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Demonstrations (demos) offer a unique opportunity to display, interact with and discuss new technologies. This year demos will be available on Wednesday and Thursday over lunch (12.30 p.m.-1.30 p.m.) and afternoon coffee (3.00 p.m.-3.30 p.m.) on both days in Room A1 015. There are 6 demos in total - 4 reviewed demos and 2 invited demons. Some demos will also be presented. Details of the individual demos are below.


Telling Country: Exploring the Cross-cultural Complexities of Place in the History of Northeast Tasmania

Linn Miller (Riawunna, University of Tasmania) and Paul Turnbull (Centre for Public Culture and Ideas, Griffith University)


In this demonstration, we discuss several of the more important intellectual, ethical and technical issues associated with creating an online resource exploring the meanings and values of landscape and place in the Aboriginal history of northeast Tasmania during the early colonial period. An important feature of this resource is an edition of the journal kept by George Augustus Robinson (1791-1866) during his so-called ‘Friendly Mission’ to the Aboriginal Tasmanian peoples of the northeast between October 1830 and October 1831. This journal is one of a series in which he meticulously recorded on a daily basis observations of places, people and events he encountered during his five year mission to persuade Aboriginal Tasmanians to leave their ancestral home-lands on the Tasmanian mainland and to be eventually placed under government protection on Flinders Island in eastern Bass Strait.

full demo submission (PDF, 64KB)

The Little Grey Cat Engine: Telling Small Stories

truna aka j.turner (The Australasian CRC for Interaction Design Pty Ltd. (ACID))


The little grey cat engine (greyCat) is part of a series of projects which explore software which can enable access to the potentially empowering nature of represented space and game design. GreyCat is the result of research into the culture of the software itself in order to provide participatory environments which enable the telling of ‘small stories’ – stories and experiences which are those of the everyday or those of a cultural perspective other than that prioritised by most world building softwares or game engines. GreyCat offers a simple framework which allows participants to use their own image materials (photographs for the most part) as a basis for spatial exploration of their own places.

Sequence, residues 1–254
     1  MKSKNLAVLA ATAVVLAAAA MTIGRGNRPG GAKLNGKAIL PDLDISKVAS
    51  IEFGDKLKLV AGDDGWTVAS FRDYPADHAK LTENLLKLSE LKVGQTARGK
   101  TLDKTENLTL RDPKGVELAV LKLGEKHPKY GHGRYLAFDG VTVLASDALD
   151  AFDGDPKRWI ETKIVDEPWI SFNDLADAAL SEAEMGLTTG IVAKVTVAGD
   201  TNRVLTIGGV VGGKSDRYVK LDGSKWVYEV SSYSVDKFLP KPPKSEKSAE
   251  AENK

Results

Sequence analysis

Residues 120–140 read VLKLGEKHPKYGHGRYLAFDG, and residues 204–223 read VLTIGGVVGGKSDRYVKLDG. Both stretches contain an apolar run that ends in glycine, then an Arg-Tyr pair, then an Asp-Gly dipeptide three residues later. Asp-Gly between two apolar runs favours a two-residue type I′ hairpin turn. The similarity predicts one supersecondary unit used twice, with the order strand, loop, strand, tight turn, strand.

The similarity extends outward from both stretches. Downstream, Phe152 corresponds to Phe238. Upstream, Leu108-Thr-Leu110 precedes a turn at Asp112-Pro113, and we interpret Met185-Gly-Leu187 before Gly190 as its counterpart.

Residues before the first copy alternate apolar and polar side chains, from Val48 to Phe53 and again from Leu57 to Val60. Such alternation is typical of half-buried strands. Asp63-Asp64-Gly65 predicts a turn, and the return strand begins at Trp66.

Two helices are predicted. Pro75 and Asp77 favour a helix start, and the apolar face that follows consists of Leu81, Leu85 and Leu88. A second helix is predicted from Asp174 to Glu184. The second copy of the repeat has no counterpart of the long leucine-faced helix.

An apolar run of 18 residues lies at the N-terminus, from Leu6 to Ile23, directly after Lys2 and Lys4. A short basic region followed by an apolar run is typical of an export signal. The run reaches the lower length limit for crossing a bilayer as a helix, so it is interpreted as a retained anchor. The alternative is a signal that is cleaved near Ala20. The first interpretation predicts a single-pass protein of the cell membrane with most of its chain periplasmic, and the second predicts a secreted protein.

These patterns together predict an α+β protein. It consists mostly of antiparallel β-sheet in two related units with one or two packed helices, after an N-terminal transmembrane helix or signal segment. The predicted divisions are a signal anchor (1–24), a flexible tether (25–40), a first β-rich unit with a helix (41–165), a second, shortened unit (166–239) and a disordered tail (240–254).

full demo submission (PDF, 264KB)

Interactivated Reading Table

Bert Bongers and Alejandra Mery (University of Technology Sydney)


A mixed media reading table has been developed and presented to the public on various occasions. The aim is to create an integrated experience for the users, bringing together traditional media (such as books) with new media (such as video). The table uses RFID technology to link the physical objects to the media content. The project is submitted as a demo for the conference.

full demo submission (PDF, 464KB)

Information Marketplace: Supporting Experience Sharing in Proximity Using Mobile Technology

Chao-Lung Lee, Yun-Maw Cheng, Ching-Long Yeh, Li-Chieh Chen (Tatung University), Wai Yu (Thales Air Defence Ltd.) and Kuan-Ta Chen (Academia Sinica)


Social Proximity Applications (SPAs) have prompted a promising opportunity for mobile services that utilize the changes in daily life in the proximity of mobile users. This paper describes our research-in-progress about designing and developing a mobile SPA, which facilitates social interaction among visitors in a night market crowd. This application allows night market visitors to share their experiences in photos with nearby others via their Bluetooth-enabled mobile phones. The design was based on a two-week field observation in an attempt to investigate the motivations and attitudes towards applications of this type. After a three-night extensive trial we found the value of the application - playful, and enjoyable, yields high consistency with results from field observation. The ultimate goal is to identify potential engaging design extensions to the current prototype.

full demo submission (PDF, 260KB)


iFISH: engaging demonstrations

Jon Pearce (University of Melbourne)


There are search engines; there are recommender systems; there are browsing environments. Then there is iFISH. iFISH started life as an research application, the aim of which was to resesrch ways of engaging students in an exploratory task. The research focus was on how to make a mundane task interesting and engaging using current web technologies. We needed a task that had the potential for exploratory behaviour, was non-trivial, and complex enough to justify engagement with a computer application.

full demo submission (PDF, 540KB)

Smart Garden Watering Demonstration

Jon Pearce (University of Melbourne) and John Murphy (Design4Use) and Wally Smith (University of Melbourne)


This demonstration will present a Flash-based online tool designed to help gardeners determine a watering schedule for their gardens and assist in the planning for the use of a water tank. The project was funded by the 2006 Smart Water Fund (Vic) and is described more fully in a paper by the authors at this conference (Pearce et al, 2008).

full demo submission (PDF, 216KB)

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